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Home :: Archive :: 2002 :: July ::
Re: Duke as Count
The Shakespeare Conference: SHK 13.1648  Tuesday, 16 July 2002

From:           Tony Burton <
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Date:           Monday, 15 Jul 2002 14:21:08 -0400
Subject: 13.1631 Re: Duke as Count
Comment:        Re: SHK 13.1631 Re: Duke as Count

We will probably never know the strength of the taboos against use of
the word "cunt" in Shakespeare's day nor, perhaps more important, their
extent: the social circles in which it would have been unacceptable and
those in which it was, perhaps, simply the language of everyday speech.
I believe the word would have been unacceptable among academics and
generally civil people twenty years ago, and could never have appeared
in a chat group such as this.  Now, it doesn't even require scare quotes
or apologies (except perhaps on network television).

Certainly the characteristically American modesty in matters of nudity
didn't exist; and quick glimpses up skirts and kilts in the course of
everyday (country) activities in work and play -- not to mention the
stylish display of  breasts (only sometimes, as in the case of
Elizabeth, behind sheer fabric) and the extravagant promise of codpieces
-- were everyday nonevents.  And though in Elizabethan times there were
medical texts that hid sexual discussions in a cocoon of Latin
equivalents, there were others written for nurses, healers, and the
common people that were just as serious and well-intentioned, which did
not.

I know from someone who was teaching at a nursing school in the sixties,
how nurses-to-be had to be educated to use all the various
"inadmissible" words for genitalia and sexual activity in order to
inquire about the conditions of their patients, for whom the respectable
words were often a foreign language.  Many a lower class patient was
dismissed as a bit of a moron for failing to "know" something about his
or her condition because up-tight nurses and doctors too often spoke the
20th century equivalent of hornbook terms instead of street colloquial.

That  being said, I very much disagree with Don Bloom's discomfort with
Shakespeare's c-u-n-t joke at Malvolio's expense, something he seems to
have come around at least to admitting is in the text after an initial
reluctance to do so.  He says he doesn't object to it because it is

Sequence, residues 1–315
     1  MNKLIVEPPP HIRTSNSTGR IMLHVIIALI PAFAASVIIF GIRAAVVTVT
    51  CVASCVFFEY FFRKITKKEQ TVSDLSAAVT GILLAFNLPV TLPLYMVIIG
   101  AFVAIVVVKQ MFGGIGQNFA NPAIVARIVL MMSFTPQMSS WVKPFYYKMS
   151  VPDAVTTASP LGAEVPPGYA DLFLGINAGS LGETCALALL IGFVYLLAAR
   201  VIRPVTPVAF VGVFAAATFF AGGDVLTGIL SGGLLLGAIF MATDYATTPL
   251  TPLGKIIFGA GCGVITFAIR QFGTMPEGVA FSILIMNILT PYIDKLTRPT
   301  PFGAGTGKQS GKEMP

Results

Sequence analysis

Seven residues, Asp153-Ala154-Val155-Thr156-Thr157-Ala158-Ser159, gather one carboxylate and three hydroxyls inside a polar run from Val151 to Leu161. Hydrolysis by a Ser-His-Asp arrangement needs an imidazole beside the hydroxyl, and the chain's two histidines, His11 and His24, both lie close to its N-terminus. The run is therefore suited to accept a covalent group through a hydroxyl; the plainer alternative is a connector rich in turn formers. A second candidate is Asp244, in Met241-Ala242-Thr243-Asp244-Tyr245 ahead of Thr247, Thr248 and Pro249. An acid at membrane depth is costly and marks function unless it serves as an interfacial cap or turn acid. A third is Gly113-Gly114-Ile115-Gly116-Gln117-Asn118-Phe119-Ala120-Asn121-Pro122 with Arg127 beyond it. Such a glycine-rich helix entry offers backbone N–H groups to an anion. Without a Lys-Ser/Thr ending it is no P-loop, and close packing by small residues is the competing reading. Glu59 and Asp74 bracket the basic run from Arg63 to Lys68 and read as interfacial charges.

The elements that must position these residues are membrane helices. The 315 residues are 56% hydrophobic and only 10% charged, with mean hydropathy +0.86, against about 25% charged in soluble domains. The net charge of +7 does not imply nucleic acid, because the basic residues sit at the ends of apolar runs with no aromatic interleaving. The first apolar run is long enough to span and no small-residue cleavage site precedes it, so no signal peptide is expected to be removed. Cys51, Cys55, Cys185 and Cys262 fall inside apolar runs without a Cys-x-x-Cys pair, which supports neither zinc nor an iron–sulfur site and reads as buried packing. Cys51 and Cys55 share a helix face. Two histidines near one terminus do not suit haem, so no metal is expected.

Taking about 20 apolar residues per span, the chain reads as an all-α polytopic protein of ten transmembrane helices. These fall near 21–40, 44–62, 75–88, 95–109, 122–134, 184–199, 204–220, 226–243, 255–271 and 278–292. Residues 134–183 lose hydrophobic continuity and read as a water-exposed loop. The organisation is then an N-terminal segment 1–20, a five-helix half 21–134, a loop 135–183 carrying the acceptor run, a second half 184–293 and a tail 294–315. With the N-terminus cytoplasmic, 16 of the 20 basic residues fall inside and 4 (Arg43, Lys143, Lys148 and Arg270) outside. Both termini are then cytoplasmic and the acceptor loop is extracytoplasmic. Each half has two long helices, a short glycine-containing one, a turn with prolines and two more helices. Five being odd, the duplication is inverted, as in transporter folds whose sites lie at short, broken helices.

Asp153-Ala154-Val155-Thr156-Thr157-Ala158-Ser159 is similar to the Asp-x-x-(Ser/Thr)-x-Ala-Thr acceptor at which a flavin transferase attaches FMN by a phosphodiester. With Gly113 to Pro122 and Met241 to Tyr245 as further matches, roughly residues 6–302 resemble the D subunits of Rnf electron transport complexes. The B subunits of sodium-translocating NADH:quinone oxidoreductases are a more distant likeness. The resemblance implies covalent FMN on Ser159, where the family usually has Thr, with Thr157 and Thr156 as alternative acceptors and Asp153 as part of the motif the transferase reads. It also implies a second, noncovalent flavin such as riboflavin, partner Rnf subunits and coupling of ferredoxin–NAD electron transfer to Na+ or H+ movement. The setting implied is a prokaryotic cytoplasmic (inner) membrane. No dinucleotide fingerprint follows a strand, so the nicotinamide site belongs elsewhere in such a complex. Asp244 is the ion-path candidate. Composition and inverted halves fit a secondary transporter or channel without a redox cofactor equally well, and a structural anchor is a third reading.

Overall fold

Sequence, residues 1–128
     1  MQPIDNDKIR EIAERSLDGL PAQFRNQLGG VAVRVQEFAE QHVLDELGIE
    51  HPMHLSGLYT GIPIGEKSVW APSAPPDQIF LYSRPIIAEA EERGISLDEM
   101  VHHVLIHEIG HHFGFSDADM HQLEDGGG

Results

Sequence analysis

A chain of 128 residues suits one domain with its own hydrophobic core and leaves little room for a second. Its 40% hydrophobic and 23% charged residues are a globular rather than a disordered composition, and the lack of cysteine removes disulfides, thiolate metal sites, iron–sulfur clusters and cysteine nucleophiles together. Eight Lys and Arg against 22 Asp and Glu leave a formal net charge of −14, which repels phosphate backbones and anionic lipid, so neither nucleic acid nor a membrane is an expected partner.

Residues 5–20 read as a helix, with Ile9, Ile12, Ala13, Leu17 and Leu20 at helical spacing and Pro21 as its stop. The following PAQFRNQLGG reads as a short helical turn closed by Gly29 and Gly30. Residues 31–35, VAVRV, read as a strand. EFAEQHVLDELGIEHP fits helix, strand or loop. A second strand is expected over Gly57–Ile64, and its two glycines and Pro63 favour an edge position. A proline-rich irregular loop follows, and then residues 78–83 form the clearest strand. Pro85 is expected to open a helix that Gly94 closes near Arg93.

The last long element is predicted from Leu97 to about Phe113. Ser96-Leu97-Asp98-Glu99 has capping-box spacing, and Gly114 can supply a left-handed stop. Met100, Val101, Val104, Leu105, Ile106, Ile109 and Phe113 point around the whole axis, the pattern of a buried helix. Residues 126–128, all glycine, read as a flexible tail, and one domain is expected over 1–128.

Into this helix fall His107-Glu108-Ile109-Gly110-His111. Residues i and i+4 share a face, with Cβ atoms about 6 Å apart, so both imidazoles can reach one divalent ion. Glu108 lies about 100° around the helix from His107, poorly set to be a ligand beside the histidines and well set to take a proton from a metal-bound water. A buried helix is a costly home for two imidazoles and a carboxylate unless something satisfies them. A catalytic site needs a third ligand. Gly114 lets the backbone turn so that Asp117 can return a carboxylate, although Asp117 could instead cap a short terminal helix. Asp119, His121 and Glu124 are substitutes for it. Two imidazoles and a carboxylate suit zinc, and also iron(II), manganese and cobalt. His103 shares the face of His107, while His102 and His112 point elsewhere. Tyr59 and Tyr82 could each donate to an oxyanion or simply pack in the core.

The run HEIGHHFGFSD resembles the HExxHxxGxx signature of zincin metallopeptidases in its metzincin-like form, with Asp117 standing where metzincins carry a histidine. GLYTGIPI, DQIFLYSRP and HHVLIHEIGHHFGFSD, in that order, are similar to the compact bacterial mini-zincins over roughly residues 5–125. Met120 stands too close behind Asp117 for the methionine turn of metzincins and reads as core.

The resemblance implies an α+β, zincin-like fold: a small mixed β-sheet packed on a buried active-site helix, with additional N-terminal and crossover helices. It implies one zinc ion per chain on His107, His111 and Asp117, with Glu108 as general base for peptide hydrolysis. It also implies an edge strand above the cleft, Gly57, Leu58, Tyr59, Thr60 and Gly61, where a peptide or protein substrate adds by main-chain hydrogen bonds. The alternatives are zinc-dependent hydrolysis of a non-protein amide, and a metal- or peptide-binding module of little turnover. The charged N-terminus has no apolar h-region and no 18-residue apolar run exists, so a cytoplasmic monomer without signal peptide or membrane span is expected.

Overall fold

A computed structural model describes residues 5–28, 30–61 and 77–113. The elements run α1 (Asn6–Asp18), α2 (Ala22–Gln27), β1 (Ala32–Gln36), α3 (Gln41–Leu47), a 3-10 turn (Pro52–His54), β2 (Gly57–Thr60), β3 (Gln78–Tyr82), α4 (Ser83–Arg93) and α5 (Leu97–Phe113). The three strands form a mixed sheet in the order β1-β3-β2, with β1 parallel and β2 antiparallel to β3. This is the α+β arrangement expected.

lewd, but because i t is cheap, a distinction that I don't really buy.
Now, Toby entombing Malvolio in the dark is cheap, and Portia mockingly
applying national stereotypes to her suitors, or laying on the pain by
increasing the forfeitures against Shylock, are all cheap; and any play
for a quick laugh at an unloved person's discomfiture is cheap.   But
watching an abuser of position dig his own grave, as Angelo and Lucio do
in "Measure for Measure" is something else.  I think Bloom's objections
hold only for those who are troubled by the lewdness of the taboo word.

There are two literary-critical observations to be made.  First, that
one of the points of the joke is that it puts the naughty word in the
mouth of an overreaching and seemingly puritanical social upstart with
sexually charged thoughts, who doesn't even realize he's talking the
kind of dirty talk that would ordinarily be his excuse to put on
horrified and superciliously indignant airs.  [Doesn't every know  the
old schoolboy chestnut, to sign the first day's attendance roster "Dick
Hertz" in order to have some unsuspecting teacher ask the class "Who's
Dick Hertz?" with the much anticipated consequence of giggles, hoots,
guffaws, general disorder, and an end to all decorum for the day, or
longer.?]

The second point is that the dirty talk is directed not at our reading
sensibility but our hearing faculty, and Shakespeare used the same aural
joke elsewhere.  It simply recreates Hamlet's near-contemporary double
pun of offering to lie "in" Ophelia's lap (then a lower class but not
vulgar word for, let me not offend, "vagina," in addition to its present
meaning), which he immediately corrects by saying he means his head
"upon" her lap and thus emphasizes the bawdry in his first choice of
pronouns, which he then takes over the top entirely by asking with mock
innocence, "Do you think I meant COUNTry matters?" which redelivered the
original subtle (and ignorable) offense with enhanced and inescapable
aural clarity.  I don't believe anyone denies the double entendre in
"Hamlet," so maybe it was just a screamingly funny play on words in
1601-2.  If Don Bloom can't visualize Elizabeth hiccupping with
delighted laughter, I can.

Others on this list have mentioned the various academic studies of
Shakespeare's sexual puns, etc., but the real obstacle to correct
understanding lies with ourselves, or at least those among us who cannot
without embarrassment enjoy a dirty joke in mixed company.

Tony Burton

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